I got both of them to sign opposite Tom’s autograph from the recent Big Finish Day, making for a trio of lead stars from what was for me the golden era of 1970s Who.
There was then the chance to get a group photo with all the companions in attendance.
I came back at 1:15 in time for Toby Hadoke in conversation with Louise Jameson.
She gave an interesting talk, recounting her time on the show with great affection and occasionally mixed emotions.
It might not be everyone’s top choice of story - frankly it rates pretty low on my list - but I was more than willing to hear what she had to say.
She revealed it was made during a time when she and Tom weren’t entirely seeing eye to eye and rehearsals and recordings could become strained between them. So script writer Robert Holmes contrived the story such that episodes two and three had the pair separated to follow their own individual plots, resulting in minimal face to face contact. For this Louise was eternal grateful at the time!
Some interesting facts came to light, including one of the lead actors being almost totally deaf. Richard Leech had a distinguished career but had progressively lost his hearing. This did not come out in his performance, so continued to work regardless. Louise recalled as long as you were within his eyeline he could pick up his cues and perform as any other member of the cast.
I did grab a bite to eat, which meant I did miss the start of Nigel Fairs in conversation with Sarah Sutton at 2:45, but what I did see she gave a very engaging talk.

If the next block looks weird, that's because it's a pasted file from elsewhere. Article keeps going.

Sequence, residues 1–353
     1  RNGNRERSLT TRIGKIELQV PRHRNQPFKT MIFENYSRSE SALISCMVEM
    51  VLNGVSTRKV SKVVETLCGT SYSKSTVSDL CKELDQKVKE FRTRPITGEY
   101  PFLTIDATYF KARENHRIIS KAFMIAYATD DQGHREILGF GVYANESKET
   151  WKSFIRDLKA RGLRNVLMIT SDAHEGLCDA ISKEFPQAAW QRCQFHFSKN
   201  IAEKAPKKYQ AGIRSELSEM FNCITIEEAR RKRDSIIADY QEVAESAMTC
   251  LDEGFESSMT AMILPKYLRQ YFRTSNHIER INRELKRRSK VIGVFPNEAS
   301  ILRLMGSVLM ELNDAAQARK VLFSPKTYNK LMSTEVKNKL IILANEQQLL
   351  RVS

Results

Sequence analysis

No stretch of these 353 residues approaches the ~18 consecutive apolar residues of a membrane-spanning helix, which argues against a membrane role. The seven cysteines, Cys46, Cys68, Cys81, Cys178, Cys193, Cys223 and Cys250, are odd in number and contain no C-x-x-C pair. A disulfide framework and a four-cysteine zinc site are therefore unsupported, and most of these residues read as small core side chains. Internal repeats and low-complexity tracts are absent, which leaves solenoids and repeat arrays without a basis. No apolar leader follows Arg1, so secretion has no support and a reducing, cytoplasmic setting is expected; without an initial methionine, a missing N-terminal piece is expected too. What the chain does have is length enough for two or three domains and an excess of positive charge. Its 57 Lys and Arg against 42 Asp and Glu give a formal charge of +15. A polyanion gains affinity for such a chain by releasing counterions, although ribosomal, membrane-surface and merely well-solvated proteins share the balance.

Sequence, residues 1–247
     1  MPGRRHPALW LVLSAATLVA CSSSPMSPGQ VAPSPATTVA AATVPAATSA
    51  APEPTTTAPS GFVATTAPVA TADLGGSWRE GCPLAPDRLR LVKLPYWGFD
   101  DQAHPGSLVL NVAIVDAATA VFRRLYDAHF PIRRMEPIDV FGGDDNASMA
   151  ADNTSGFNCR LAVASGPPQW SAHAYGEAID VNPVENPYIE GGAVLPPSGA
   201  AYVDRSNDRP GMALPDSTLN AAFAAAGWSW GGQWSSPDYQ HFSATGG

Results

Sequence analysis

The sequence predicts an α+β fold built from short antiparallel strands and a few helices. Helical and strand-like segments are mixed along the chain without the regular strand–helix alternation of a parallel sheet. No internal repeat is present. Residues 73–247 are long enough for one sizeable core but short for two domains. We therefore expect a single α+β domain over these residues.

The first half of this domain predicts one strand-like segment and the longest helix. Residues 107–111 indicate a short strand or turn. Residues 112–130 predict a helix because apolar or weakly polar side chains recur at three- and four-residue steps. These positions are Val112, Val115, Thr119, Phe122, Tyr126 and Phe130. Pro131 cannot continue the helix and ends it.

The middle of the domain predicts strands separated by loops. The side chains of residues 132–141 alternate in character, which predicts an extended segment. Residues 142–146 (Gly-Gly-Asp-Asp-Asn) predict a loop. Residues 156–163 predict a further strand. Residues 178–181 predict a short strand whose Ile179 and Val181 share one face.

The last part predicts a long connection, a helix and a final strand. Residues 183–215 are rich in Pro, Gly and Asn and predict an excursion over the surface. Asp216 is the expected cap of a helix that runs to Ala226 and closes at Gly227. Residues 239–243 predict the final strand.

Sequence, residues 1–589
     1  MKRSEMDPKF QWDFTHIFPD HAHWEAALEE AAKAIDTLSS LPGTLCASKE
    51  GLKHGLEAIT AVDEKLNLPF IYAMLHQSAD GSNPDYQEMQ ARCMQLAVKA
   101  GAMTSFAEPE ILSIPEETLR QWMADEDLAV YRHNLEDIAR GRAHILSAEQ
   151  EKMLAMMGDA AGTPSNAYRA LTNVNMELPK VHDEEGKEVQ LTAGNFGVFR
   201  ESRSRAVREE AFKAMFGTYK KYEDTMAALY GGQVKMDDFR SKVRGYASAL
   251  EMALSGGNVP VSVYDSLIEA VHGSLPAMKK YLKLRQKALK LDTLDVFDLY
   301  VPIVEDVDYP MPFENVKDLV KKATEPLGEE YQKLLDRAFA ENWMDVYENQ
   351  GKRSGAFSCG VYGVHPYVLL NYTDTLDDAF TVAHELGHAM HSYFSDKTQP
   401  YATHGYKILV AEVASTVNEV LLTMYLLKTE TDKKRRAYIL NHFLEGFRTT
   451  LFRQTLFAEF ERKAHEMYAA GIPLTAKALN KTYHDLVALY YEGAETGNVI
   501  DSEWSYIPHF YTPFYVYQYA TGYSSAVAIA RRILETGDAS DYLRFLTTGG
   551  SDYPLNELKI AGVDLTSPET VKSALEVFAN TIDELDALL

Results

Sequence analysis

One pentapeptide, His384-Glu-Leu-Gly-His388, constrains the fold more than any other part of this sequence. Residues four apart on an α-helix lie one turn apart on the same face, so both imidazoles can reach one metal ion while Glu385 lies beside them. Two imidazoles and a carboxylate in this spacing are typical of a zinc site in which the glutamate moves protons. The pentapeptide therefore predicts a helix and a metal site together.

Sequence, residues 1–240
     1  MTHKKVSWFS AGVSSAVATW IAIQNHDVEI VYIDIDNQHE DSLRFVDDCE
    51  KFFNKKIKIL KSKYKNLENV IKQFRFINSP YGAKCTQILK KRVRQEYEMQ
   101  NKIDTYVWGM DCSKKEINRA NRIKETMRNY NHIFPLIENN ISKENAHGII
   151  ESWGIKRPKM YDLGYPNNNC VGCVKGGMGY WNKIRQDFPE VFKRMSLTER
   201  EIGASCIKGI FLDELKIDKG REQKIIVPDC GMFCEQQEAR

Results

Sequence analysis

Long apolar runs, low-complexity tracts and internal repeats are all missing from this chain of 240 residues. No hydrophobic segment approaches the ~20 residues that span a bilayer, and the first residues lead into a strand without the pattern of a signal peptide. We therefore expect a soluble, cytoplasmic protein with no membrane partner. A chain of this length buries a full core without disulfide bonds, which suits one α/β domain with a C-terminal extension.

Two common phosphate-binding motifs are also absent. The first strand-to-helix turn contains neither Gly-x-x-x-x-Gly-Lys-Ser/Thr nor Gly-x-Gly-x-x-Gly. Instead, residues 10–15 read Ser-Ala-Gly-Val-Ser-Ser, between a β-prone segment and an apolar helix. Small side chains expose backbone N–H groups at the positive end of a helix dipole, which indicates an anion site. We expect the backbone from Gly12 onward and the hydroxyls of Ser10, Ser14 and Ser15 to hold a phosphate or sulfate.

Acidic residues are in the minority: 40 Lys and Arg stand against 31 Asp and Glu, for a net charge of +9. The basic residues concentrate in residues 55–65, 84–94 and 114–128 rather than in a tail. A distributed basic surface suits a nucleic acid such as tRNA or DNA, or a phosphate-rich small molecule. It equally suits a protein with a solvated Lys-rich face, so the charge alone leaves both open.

This became evident as we watched Arc Of Infinity episode two, picking up from Colin Baker apparently shooting Peter Davison dead in the previous cliffhanger.
Due to a technical glitch we quickly realised the sound was dramatically out of sync with the picture, to the degree that whole lines of dialogue were coupled with the wrong actors, making discussions between The Doctor and Nyssa absolutely hilarious!
Sarah pointed out one very particular piece of flouncing off acting she did in the episode, and aware the sync issue would ruin the moment, she spoke the line in with the picture at the exact correct moment to the appreciation of the entire audience. The sync was perfect!
3:45pm saw Toby Hadoke in conversation with Wendy Padbury, who was thoroughly enjoying her day meeting the fans and recalling her time on Doctor Who.
I caught up with some friends during her live commentary, but returned to the hall by 4:45pm, when it was time for Sophie Aldred to take to the stage and chat to Nigel Fairs.
Although her time in the series isn’t looked back on as the best years of the classic run, she explained how everyone was still as passionate and caring about making the episodes as good as possible.
She had been dressed up in full costume, photographs and a large print made. This had been overprinted by one of the scenic artists to create what appeared to be a 300 year old portrait. Ultimately the scene was cut from the broadcast episode, and Sophie managed to get the picture for her wall after the episode was finished, and still has it to this day.